Sticky Problem 

TWO blasts hit passenger buses in Jammu and Kashmir’s Udhampur on Wednesday. The second blast occurred at 10:45 pm on a bus at Domail chowk near a petrol pump. Mercifully, the blasts occurred on empty buses when they were parked. Still, two people were injured. Other nearby vehicles were also damaged in the explosion. Though police are investigating the incident, there is no doubt that the twin attacks have been carried out by the militants to trigger a scare among the people and also create a fresh security challenge for the government. Lacking the capacity and the resources to take on the security forces, the militants are now looking to attack soft targets.

The investigation should soon reveal what triggered the blasts. There is a reason to believe that the sticky bombs – a  short name for Magnetic Improvised Explosive Devices – might have been used. They are stuck to vehicles, timed to blow up and destroy the vehicle, killing the passengers.  They have become a part of militant weaponry this year. Though magnetic mobs have mainly been in use in the Jammu division, in early September, security forces in the Valley recovered three sticky bombs from a Lashkar-e-Taiba operative in North Kashmir’s Sopore area.   During the Amarnath yatra, the magnetic IEDs emerged as a major threat to the safety of the yatris. The Jammu and Kashmir police advised people across the Union Territory to thoroughly check their vehicles for any foreign object before starting them.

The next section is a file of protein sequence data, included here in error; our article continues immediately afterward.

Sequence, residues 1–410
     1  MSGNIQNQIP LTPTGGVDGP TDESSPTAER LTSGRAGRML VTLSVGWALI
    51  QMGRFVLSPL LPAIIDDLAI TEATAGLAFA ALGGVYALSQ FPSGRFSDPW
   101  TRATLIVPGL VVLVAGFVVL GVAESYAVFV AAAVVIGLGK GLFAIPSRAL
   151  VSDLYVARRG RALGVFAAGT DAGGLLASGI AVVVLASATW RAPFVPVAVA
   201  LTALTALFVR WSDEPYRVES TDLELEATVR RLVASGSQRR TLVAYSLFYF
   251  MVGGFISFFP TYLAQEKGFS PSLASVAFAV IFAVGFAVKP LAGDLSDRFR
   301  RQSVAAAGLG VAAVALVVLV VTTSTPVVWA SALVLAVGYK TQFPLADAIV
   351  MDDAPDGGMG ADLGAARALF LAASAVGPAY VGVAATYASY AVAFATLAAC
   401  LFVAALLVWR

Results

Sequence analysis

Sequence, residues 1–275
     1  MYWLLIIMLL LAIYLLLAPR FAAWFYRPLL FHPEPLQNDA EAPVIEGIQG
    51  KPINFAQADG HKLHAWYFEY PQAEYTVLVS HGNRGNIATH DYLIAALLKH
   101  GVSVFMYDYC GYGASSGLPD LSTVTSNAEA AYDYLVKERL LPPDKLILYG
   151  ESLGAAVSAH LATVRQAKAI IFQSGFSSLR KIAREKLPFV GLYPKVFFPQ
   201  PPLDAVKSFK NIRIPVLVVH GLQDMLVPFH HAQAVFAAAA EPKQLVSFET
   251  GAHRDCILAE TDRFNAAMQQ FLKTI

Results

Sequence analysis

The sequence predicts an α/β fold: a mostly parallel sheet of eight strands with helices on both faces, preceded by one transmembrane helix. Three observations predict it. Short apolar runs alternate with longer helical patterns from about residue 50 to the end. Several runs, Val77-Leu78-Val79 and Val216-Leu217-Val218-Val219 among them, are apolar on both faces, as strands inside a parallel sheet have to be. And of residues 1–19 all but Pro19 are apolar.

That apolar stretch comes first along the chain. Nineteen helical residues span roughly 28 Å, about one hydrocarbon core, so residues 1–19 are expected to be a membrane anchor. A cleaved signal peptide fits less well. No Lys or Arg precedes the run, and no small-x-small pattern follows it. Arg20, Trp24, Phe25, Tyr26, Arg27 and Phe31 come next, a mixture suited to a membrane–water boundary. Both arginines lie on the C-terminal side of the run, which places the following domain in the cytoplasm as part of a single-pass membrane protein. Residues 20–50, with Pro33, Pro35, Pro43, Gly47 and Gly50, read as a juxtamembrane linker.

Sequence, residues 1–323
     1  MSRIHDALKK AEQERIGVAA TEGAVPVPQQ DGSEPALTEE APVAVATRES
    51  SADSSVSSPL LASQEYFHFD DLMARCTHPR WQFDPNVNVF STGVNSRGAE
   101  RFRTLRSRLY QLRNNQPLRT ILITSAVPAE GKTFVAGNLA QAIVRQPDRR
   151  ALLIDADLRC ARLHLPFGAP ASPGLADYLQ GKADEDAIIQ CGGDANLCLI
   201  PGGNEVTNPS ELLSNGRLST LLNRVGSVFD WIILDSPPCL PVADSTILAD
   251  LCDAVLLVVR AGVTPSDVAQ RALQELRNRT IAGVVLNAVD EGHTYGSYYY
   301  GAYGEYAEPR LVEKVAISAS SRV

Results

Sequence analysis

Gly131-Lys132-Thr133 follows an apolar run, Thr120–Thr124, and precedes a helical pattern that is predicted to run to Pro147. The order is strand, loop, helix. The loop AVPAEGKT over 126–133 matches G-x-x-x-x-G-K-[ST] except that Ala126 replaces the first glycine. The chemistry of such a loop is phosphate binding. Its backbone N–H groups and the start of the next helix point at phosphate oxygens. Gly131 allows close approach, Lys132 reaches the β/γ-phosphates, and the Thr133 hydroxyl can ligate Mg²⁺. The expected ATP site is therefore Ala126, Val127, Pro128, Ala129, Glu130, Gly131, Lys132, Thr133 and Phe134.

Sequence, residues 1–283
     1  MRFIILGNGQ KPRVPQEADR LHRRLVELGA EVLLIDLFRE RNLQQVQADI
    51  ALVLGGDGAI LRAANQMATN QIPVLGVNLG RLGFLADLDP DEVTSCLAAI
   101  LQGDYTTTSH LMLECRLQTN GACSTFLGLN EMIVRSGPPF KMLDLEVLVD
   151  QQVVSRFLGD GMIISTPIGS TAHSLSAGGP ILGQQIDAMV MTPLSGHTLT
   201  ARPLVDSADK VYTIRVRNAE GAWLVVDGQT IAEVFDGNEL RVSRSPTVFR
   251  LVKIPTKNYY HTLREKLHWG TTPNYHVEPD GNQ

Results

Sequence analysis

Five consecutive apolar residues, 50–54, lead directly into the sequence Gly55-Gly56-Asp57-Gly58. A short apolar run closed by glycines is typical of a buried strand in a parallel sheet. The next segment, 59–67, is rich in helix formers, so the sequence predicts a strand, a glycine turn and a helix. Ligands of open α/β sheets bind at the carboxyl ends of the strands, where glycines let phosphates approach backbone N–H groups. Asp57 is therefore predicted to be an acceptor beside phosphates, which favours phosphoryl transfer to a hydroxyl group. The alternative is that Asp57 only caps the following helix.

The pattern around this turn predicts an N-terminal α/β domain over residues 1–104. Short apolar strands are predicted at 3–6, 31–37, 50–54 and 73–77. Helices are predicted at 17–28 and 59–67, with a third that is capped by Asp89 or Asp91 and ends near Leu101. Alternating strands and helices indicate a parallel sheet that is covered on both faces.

That said, the fresh cases of the use of sticky bombs should be a cause of worry for the security agencies, for they threaten to destabilize the painstakingly earned calm in Kashmir.  That too, at a time when militancy is at its lowest ebb in the region. The number of active militants is now estimated at over a hundred. As a result, the security forces have been able to reign in the attacks on civilians and minorities to a large extent. But as things stand, the peace in Kashmir remains a work in progress. And at the same time, the peace so achieved remains perennially fragile. One or two sensational incidents and things go back to square one. This has been the story of the past three decades.

Though security forces have much to congratulate themselves on for the current state of uneasy peace, it will need much more effort to further stabilize the situation and usher in a genuine peace. And the responsibility for this doesn’t solely lie with the security agencies but the political class also. After four years of security-centric approach, Jammu and Kashmir desperately needs a political outreach.

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